Pūhoro STEM Academy
Innovation is key to New Zealand’s future economic success yet employers from STEM industries (science, technology, engineering, and mathematics) sometimes struggle to find staff.
So, it is crucial that rangatahi grow their science and technology capability.
Pūhoro STEM academy aims to meet that need by building a community of young Māori with a passion for learning science.
Out of 74,135 students studying science at tertiary level in 2017, only 7980 of these are Māori. There are plenty of opportunities for rangitahi to train and fill gaps in STEM industries when, for example, 44% of our GPs are due to retire in the next five years, and 46% of employers can’t find engineering staff.
Real world experience fires passion for STEM
Pūhoro aims to encourage rangatahi to continue studying NCEA science and technology subjects right through school.
In the Pūhoro pilot, Massey University and industry partners worked with eight schools, iwi and whanau. They set up field trips and laboratory visits for Year 11 to 13 Māori students so they could experience science and technology careers in the real world of work. Rangatahi in Manawatu and the Bay of Plenty got first-hand experience of the exciting work they could do if they continued to study NCEA science subjects.
Transforming excitement into achievement
To transform their experience in science into achievement, Pūhoro mentors and tutors worked directly with rangatahi to support their classroom learning once a week. Students could talk freely about concepts they struggled with and get encouragement to complete their NCEA credits.
Students thrived under this approach.
“I feel more confident in my regular classes, more confident in what I am learning, and I feel like I understand it better.”
“Because I was getting things more, I wanted to keep coming back to Pūhoro tutorials.”
Supported learning gets results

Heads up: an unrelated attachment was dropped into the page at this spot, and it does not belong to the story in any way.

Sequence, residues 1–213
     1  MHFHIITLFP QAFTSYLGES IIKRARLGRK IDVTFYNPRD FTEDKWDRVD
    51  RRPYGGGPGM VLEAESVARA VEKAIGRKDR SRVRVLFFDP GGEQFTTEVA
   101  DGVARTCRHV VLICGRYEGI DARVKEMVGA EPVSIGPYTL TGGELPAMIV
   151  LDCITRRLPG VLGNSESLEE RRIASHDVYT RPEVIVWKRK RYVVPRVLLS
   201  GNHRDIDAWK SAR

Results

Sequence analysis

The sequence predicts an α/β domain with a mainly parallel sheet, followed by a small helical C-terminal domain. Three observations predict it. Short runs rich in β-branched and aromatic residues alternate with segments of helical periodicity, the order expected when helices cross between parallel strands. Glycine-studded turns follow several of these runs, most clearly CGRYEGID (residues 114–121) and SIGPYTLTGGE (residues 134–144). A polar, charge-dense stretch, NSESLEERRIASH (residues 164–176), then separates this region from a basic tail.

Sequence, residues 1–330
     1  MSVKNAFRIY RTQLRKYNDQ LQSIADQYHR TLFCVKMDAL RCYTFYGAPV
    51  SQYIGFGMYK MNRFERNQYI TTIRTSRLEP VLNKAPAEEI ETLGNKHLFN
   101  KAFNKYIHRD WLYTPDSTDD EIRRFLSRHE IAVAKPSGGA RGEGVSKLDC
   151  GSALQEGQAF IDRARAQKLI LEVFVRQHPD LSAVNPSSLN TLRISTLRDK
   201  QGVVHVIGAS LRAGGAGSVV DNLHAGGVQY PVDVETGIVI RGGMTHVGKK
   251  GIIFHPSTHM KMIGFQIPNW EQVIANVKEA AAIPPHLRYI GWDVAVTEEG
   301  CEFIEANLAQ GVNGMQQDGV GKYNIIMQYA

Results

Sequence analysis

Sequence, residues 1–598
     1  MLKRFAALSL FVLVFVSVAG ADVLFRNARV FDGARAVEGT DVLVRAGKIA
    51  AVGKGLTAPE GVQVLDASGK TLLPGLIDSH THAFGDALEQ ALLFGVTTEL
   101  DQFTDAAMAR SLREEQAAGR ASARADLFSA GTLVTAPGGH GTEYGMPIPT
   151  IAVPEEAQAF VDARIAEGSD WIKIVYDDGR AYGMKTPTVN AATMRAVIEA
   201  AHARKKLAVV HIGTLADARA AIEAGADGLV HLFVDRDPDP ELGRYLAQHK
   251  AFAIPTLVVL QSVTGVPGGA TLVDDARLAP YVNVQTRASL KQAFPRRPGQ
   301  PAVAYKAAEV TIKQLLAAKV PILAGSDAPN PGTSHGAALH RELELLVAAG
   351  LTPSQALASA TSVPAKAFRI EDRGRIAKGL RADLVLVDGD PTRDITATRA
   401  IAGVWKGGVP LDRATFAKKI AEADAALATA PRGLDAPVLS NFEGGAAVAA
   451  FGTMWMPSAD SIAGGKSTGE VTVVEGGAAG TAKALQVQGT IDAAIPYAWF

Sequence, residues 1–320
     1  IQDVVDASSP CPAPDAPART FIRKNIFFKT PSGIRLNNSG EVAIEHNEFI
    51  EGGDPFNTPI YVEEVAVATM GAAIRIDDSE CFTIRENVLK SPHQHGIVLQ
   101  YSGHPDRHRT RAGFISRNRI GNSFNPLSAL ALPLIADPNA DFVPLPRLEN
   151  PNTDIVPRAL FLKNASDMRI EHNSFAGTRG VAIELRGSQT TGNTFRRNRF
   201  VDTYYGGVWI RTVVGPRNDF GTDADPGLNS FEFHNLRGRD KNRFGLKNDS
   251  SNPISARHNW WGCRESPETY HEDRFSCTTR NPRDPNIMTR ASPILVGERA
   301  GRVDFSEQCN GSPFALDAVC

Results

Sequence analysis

Pūhoro STEM Academy’s contextualised learning and mentoring not only closed the achievement gap between Māori and non-Māori students in NCEA science, students in the programme also exceeded the nationwide pass rate of non-Māori students in physics, chemistry and biology standards.
NCEA results for Pūhoro students compared to Maori and non-Māori students:
- Chemistry (AS90944): Non-Māori: 67 percent, Māori: 62 percent, Pūhoro students: 87 percent.
- Physics (AS90940): Non-Māori: 74 percent, Māori: 71 percent, Pūhoro student: 76 percent
- Biology (AS90948): Non-Māori: 72 percent, Māori: 64 percent, Pūhoro students: 76 percent
Director of academy programmes, Naomi Manu, says she is delighted with the students’ success.
“We couldn’t be more proud of what our students have been able to achieve," she says.
"This all started with a desire to see a new wave of Māori students given the tools to have an impact on Māori economic development in the sciences and see Māori leadership contribute to new developments in the 21st century.
"With results like these our rangatahi are geared up to introduce the innovations necessary to take New Zealand into the new world of work."
Pūhoro STEM Academy is an initiative funded by Massey University and Te Puni Kōkiri with support from Palmerston North City Council, Te Tumu Paeroa and New Zealand Qualifications Authority.